Back when Google was just an idea, two graduate students by the names of Larry Page and Sergey Brin had been sitting in a room at Stanford University with a bunch of other student engineers thinking of a new name for their search engine. Backrub wasn’t very catchy, so someone in the room thought of a big number called a googol (a 1 with 100 zeros behind it). But when one of the students went to buy the domain for googol.com, they misspelled the word and got stuck with google.com. That meeting took place on September 15, 1997. And within one year, Google was already getting 500,000 searches per day. Within two years, Google had the largest index of web page keywords in the world. Within three years, Google had become the most popular search engine in the world. And there was never any turning back. Today, Google manages billions and billions of searches per day. Take a look.
Topic #2 – Can Google Destroy a Reputation?
Topic #3 – What Our Searching Says About Us
We often think about privacy as having to do with the most personal details that we keep to ourselves and those closest to us. Social Security Numbers. License numbers. Addresses. Phone numbers. But let’s imagine someone appeared at your front door when you got home from school and said this to you:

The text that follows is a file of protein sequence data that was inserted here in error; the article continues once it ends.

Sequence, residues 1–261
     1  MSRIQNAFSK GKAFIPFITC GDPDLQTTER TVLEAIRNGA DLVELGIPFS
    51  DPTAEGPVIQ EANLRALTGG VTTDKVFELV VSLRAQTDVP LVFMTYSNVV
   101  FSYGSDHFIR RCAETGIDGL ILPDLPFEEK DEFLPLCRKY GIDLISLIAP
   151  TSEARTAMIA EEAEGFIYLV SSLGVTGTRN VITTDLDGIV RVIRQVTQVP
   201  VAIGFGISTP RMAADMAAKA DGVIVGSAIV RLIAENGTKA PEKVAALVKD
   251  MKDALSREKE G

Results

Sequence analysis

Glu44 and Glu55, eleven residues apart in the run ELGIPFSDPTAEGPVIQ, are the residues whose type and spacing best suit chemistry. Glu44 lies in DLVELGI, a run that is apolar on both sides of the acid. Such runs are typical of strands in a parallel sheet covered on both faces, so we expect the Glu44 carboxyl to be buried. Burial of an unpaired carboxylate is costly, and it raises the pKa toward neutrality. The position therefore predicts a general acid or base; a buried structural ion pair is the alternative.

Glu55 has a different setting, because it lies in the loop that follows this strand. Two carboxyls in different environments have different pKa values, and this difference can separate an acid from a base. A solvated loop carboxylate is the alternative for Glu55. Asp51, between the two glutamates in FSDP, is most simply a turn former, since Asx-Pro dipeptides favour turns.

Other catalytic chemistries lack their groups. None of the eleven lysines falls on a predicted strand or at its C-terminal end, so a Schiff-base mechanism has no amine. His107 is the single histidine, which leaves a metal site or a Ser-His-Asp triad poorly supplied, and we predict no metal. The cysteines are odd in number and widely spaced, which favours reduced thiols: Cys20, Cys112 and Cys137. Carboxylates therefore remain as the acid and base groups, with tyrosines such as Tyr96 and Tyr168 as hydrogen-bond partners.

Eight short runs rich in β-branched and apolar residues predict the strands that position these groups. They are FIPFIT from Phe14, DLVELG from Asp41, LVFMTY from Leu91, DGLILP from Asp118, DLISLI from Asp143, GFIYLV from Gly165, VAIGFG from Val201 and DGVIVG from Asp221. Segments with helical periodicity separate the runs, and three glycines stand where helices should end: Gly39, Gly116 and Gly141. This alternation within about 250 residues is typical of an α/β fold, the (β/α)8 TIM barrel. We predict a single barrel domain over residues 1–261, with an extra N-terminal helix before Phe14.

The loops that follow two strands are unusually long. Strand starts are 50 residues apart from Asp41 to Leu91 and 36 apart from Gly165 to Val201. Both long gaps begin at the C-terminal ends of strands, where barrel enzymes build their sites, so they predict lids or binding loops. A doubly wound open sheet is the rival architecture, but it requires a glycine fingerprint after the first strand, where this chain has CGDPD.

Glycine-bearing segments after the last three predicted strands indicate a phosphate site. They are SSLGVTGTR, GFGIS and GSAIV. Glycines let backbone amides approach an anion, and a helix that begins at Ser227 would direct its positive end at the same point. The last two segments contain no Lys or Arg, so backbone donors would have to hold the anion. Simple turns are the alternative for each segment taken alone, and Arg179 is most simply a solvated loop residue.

“For the past seven days, I have been tracking your searches on Google. ALL of them. I know about very single thing you have looked up on your phone, on your laptop, and on your tablet. And tomorrow, I will be sharing a report of your search history with the school administration. This will now be a permanent part of your middle school record.”
Before we go any further, let’s just think about this for a second. What would that report say about us? About you? Would it reveal anything about your family? About your friends? About the things you like to do? About the things you regret? Without talking, take one minute to think back through at least 5 things you searched for in the past 24 hours. Make a mental list and consider what all those things say about you. Honestly. Would they say you’re just a really good student? Or would they say something else? Something you would never want to have on file in a permanent record?
The scenario above is not real, of course. No one is going to show up at your house and say that. But what IS real is that even if no one comes to your door, Google still has a permanent record of everything you have EVER searched for on ANY computer you are logged into at ANY point in your life up to this point. In other words, they have more information about you than seven days. They have information about you from eight, nine, or even ten years ago that you already forgot you searched.